We live in an age where West Ham can concede four goals against newly-promoted Bournemouth at Upton Park, and score three and keep a clean sheet at Anfield against a side with a front three of Roberto Firmino, Phillipe Coutinho and Christian Benteke. Strange as this is, it’ll be the norm for this season.

3. A dramatic January transfer window

Clubs haven’t been afraid to open their TV money vaults this summer. And if things aren’t working out, you can bet that they’ll do it again.

I’m probably alone when I say this, but I think the January transfer window needs to be completely overhauled. All it does is allow clubs to steal players who are performing well for other clubs, which isn’t right. If a club needs to sort out a position, it should be done in the summer, and if it isn’t done, the club should suffer the consequences. Maximally, a limited transfers window, swap window or loan window would be necessary. I also believe that the summer window should start on the 1st of June and finish at the end of July. Clubs sign players before the start of the current window anyway. On top of that, we wouldn’t be having these issues surrounding England’s best young players like John Stones and Saido Berahino, where they are expected to play well while surrounded by intense media speculation.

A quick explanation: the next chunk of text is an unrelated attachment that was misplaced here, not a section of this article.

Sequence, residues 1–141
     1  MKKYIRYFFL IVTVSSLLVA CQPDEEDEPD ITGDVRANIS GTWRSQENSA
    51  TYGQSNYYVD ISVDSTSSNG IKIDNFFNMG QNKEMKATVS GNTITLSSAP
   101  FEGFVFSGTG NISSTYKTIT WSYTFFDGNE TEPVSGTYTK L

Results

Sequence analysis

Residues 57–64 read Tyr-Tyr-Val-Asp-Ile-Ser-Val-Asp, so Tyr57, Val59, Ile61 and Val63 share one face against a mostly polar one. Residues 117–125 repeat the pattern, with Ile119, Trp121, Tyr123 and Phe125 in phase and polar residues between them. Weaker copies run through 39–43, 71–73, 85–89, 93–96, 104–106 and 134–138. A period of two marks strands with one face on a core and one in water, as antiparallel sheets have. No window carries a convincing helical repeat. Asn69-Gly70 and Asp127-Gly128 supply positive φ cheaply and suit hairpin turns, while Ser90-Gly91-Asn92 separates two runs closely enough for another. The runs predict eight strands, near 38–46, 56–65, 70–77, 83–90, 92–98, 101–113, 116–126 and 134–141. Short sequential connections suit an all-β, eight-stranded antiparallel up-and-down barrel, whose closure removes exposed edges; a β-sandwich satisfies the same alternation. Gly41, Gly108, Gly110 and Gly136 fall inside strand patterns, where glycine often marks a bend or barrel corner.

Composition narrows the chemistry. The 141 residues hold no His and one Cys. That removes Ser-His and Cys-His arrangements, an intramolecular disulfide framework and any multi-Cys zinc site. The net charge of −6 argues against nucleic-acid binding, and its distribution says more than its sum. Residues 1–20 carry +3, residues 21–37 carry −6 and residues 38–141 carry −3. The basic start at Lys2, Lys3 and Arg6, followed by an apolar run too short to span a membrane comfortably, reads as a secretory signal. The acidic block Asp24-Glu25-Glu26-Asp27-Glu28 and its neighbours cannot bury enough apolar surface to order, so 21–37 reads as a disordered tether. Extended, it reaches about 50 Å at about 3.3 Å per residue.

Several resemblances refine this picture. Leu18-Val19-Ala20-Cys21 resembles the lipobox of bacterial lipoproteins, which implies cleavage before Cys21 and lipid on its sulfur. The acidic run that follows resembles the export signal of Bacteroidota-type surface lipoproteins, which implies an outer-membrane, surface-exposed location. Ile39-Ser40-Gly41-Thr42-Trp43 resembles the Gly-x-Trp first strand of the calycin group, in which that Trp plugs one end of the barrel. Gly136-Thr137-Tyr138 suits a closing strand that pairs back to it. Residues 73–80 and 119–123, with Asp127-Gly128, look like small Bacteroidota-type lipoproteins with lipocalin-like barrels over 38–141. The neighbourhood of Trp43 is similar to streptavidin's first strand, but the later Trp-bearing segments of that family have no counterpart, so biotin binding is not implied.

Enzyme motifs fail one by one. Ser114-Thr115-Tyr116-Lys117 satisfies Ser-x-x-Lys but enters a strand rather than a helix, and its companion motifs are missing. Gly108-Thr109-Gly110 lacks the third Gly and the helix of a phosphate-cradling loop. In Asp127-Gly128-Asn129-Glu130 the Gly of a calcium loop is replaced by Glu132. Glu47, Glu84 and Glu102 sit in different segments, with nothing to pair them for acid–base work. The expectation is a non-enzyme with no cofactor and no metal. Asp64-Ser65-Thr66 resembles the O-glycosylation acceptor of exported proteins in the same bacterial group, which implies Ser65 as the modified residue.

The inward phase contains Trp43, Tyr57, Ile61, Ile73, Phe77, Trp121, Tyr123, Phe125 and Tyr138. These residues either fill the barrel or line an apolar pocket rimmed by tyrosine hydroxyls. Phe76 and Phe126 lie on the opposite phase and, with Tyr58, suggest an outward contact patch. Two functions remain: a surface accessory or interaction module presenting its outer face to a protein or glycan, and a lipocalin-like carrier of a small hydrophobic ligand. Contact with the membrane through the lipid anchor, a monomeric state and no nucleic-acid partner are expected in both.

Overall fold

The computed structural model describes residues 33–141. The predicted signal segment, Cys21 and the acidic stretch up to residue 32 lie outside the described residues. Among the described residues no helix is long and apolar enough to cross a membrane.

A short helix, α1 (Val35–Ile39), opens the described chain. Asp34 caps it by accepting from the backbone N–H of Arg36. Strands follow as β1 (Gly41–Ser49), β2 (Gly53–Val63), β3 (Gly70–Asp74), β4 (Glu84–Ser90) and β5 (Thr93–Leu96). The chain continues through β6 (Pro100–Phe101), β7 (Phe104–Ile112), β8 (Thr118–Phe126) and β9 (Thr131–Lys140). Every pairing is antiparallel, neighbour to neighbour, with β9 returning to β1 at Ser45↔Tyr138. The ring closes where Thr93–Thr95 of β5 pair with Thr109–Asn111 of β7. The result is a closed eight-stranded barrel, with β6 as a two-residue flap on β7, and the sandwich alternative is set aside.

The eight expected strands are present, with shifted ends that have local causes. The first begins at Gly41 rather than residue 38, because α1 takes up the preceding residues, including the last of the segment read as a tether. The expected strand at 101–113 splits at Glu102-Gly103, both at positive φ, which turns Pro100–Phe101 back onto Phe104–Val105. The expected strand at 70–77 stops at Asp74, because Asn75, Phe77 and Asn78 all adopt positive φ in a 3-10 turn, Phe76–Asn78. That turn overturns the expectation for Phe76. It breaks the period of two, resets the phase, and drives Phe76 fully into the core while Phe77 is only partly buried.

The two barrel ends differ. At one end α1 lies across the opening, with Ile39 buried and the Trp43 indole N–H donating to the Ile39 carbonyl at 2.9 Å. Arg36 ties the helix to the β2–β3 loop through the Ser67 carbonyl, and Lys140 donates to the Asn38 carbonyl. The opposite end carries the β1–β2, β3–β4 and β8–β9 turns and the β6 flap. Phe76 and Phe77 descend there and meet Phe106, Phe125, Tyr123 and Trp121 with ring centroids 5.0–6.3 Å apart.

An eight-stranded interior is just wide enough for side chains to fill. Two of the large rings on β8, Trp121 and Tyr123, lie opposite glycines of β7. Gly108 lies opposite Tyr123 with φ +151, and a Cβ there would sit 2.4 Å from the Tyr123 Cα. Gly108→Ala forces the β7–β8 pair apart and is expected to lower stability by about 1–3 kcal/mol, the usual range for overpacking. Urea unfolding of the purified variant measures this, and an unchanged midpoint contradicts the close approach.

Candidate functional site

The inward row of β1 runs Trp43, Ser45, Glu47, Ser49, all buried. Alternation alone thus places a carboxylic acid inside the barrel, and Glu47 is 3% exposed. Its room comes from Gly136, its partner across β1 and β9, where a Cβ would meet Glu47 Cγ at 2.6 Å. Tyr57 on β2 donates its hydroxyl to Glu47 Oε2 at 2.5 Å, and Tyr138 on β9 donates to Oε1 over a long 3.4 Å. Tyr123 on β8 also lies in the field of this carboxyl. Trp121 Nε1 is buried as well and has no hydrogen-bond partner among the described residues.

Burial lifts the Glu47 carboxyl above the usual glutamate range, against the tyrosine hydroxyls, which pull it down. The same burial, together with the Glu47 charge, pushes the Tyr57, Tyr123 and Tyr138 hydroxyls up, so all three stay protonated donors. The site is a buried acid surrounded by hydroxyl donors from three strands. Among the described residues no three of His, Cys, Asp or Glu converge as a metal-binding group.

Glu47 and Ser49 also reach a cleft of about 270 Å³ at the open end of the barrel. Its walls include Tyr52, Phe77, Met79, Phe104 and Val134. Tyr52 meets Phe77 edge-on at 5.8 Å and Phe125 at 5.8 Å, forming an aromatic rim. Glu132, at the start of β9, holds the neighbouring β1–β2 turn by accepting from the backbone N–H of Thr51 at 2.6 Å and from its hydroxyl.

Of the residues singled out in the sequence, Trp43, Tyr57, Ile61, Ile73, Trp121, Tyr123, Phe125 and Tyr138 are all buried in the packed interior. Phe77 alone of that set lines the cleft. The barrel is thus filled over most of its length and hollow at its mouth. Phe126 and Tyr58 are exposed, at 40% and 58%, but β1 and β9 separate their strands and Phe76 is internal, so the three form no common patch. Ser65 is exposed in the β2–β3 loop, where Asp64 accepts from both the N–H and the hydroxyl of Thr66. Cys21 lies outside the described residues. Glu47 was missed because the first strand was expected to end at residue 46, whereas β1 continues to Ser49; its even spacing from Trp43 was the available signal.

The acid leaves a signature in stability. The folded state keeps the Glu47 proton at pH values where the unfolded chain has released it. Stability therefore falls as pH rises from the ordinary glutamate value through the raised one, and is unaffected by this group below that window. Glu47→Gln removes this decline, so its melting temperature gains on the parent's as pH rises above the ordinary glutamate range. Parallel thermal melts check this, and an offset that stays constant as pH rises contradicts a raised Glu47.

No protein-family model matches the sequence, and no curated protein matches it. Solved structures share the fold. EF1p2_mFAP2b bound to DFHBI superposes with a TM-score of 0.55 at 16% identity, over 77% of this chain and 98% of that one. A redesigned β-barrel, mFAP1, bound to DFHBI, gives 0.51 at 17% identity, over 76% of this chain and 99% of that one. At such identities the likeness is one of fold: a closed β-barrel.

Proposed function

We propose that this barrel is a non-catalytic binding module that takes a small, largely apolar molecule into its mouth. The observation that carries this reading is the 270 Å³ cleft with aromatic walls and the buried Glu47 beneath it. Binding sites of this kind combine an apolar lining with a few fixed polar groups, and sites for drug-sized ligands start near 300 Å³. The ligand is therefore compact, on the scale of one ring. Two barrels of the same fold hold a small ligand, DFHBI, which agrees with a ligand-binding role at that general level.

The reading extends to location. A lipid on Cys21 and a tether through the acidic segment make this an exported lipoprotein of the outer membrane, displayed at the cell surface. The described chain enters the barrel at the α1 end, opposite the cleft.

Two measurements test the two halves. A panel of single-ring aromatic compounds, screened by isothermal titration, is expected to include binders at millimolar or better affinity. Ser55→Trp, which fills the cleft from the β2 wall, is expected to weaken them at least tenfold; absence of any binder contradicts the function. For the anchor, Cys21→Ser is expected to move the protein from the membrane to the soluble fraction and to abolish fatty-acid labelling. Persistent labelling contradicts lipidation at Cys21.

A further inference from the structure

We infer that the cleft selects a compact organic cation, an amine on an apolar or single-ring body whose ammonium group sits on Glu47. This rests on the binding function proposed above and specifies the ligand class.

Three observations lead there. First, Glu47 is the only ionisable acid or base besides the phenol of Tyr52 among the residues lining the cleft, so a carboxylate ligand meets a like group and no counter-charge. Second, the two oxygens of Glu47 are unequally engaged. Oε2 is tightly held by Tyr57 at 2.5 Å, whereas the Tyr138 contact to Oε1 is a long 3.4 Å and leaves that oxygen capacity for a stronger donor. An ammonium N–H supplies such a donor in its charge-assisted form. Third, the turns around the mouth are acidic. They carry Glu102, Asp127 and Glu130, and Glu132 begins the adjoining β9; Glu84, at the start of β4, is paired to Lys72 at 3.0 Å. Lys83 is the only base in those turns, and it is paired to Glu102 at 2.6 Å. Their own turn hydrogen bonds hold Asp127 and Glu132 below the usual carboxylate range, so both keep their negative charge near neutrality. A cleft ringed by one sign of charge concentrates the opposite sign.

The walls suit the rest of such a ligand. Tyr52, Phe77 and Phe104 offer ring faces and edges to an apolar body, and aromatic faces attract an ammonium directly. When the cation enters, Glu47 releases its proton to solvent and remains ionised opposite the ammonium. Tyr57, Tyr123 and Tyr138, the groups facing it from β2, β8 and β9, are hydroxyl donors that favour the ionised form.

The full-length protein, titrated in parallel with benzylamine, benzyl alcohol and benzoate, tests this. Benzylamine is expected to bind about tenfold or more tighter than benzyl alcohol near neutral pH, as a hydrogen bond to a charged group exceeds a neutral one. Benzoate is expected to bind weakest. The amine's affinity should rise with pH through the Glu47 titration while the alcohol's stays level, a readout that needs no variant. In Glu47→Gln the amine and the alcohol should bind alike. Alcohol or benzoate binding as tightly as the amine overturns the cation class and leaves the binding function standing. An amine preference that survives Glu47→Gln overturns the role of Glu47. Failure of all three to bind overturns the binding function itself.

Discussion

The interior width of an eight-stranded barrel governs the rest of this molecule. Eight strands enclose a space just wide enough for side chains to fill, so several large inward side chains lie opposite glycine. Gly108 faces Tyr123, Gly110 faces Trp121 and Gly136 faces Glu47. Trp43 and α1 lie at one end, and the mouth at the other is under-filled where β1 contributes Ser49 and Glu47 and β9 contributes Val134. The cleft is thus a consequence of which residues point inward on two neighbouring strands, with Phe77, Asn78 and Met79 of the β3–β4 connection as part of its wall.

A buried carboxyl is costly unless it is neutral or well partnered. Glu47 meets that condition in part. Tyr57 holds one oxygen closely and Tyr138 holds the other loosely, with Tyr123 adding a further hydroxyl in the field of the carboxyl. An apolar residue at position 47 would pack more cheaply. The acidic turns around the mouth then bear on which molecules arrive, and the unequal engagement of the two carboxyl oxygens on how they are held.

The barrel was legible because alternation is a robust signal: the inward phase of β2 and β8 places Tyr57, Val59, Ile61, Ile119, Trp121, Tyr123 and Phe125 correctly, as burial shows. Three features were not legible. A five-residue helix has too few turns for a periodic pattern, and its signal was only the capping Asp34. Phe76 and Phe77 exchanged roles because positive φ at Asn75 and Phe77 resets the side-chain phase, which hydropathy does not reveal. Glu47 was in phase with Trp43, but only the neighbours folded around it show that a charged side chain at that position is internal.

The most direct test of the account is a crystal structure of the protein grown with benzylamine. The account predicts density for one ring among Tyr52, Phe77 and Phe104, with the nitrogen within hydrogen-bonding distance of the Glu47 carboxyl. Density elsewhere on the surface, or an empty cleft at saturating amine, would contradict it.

That said, the current situation is that there is a winter window. We’ve seen some big movers in the past; Juan Mata and Fernando Torres being the most memorable and controversial. This season, we may not see more in the way of big money moves, but plenty of mid-range, £10m-£20m deals.

4. Falling giants

Crystal Palace claiming the scalp of Chelsea will set in motion a number of surprise results to come.

Chelsea has been a magnet for negative attention due to their appalling start to the season. Jose Mourinho’s management of the team has been really poor; he’s too focused on starting fights with everyone around him, rather than kicking Branislav Ivanovic into gear, or onto the bench.